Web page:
Funny thing about the planet – we often forget that it is much bigger than we are and often has a mind of its own. Take, for example, the chaos being created by the volcanic ash cloud over Europe this week. The recent eruptions of Iceland’s Eyjafjallajoekull volcano are disrupting business systems on a global scale. We have been reminded once again of nature’s brute force and primordial beauty. The continuing volcanic ash cloud is having holistic and systematic repercussions. Starting with air travel disruption, the impact is now ricocheting across international business and global supply chains. What will happen if the volcano repeats it’s last (1821) eruption cycle of on-and-off spewing of ash for 13 months?
What impact will it have on the long-term viability and sustainability of companies in the region and around the world?
Last Saturday I took part in a rally to support the creation of a SE Wisconsin’s RTA. RTA stands for Regional Transit Authority, a governing body that coordinates and champions transit systems in a region. Most metropolitan areas have one. Milwaukee and Southeast Wisconsin does not.
You may be asking, what does this have to do with sustainability?
Q: What is the relationship between CSR (Corporate Social Responsibility) and PR (Public Relations)?
A: The short answer is PR can be both a blessing and a curse to CSR. It is a matter of which comes first and what is the intention.
Pre-Amble: This is a follow up to Twitter, transparency, and CSR I thought I’d post an excerpt from an article that I’ve been working about “the great reset” that is going on in the world. It is germane to the discussion of consumer / social media / and the impact on sustainability for individuals, families and even business.Read more
Twitter and other rapid social media have created a new paradigm in terms of corporate communication, response, and responsibility. These tools have the ability to show the emperor’s clothes of companies and are doing so. True Corporate Social Responsibility (CSR) and Sustainability leadership may help to guide and protect companies from the savages of these new communication paradigms. They may in fact become the instruments of corporate success.Read more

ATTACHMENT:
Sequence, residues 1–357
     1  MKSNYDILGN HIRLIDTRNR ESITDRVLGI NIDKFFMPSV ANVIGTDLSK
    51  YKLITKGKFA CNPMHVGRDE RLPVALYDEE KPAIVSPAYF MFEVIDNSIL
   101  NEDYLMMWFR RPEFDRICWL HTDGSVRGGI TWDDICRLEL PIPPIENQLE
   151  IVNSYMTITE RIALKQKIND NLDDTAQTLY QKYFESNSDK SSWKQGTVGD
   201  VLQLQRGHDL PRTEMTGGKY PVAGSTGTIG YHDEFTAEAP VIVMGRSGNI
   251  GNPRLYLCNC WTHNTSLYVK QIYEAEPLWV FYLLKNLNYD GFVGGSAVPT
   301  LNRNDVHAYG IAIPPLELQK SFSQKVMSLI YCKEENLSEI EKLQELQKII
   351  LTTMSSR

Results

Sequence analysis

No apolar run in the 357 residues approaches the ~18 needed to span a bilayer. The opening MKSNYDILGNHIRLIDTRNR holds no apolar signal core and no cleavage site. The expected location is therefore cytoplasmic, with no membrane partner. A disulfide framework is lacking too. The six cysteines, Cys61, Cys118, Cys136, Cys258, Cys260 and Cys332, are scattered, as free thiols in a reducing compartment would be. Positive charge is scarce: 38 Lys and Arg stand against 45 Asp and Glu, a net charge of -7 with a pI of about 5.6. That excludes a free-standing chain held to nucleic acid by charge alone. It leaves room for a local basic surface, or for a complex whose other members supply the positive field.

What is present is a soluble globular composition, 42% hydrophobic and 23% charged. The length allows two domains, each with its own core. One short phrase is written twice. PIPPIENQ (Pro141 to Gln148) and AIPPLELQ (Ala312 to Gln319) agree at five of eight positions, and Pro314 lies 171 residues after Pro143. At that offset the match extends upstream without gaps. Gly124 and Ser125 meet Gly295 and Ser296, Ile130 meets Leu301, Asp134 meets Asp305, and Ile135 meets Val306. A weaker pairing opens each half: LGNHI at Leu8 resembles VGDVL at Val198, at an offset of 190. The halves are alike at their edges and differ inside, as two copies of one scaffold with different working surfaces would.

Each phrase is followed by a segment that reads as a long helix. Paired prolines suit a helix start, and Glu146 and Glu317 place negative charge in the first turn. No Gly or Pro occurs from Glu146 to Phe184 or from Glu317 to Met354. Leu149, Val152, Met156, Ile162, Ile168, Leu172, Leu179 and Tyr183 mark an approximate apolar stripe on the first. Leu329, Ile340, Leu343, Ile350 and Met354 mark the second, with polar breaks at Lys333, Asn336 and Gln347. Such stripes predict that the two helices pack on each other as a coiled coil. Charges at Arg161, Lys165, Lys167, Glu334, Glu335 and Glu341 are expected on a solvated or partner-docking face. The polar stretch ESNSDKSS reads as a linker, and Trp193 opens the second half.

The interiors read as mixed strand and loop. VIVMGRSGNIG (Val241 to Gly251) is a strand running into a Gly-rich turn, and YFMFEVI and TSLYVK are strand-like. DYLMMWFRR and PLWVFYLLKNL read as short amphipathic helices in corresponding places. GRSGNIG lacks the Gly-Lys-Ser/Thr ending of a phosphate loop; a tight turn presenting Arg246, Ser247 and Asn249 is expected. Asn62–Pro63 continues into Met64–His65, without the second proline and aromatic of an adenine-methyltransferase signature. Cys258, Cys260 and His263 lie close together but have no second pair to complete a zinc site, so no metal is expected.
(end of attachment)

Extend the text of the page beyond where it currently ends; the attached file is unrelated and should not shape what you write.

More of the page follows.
Why bring up gardens in a business website? We bring it up because gardens represent interesting sets of paradigm shifts for home economics and business: burden to opportunity; obscure notion to practical choices; and unexpected opportunities from being practical. It is opportunity in sustainability. Author: Matthew Rochte, Sustainability Consultant http://www.OpportunitySustainability.comRead more
There is a new idea afoot in the Netherlands these days and they have an opportunity to take advantage of it. The idea is generating saltwater power by a process called reverse electrodialysis. Is this a new clean energy? Is this taking a threat and turning it into an opportunity? Author: Matthew Rochte, Sustainability Consultant http://www.OpportunitySustainability.comRead more
Excerpt- More often that not, going sustainable mean using old technology rather than new. In our rapid search for the new new thing, we’ve abandoned some of the simple advice and tools that have served us for years. Author: Matthew Rochte, Sustainability Consultant http://www.OpportunitySustainability.comRead more
Matthew Rochte of Opportunity Sustainability was in the news this week for their participation in the Wisconsin Business & Conservation Leaders Roundtable http://badgerherald.com/news/2009/02/26/lawton_talks_green_t.php
This was a start of NGO-Business-Governmental partnerships in Wisconsin in the area of Water. Milwaukee 7 Water Council along with the Wisconsin League of Conservation Voters, Johnson Foundation and several other NGO/nonprofits met [...]
One of the challenges with sustainable thinking is the challenge of really big numbers. These really big numbers overwhelm us easily – we don’t have a mental model for them. When you look at sustainability issues of climate change, environmental impact, global energy consumptions, water volumes, and plastic production we talk in billions, trillions, and quadrillions. TED presents Chris Jordan who may have a way to do that. Author: Matthew Rochte, Sustainability Consultant http://www.OpportunitySustainability.comRead more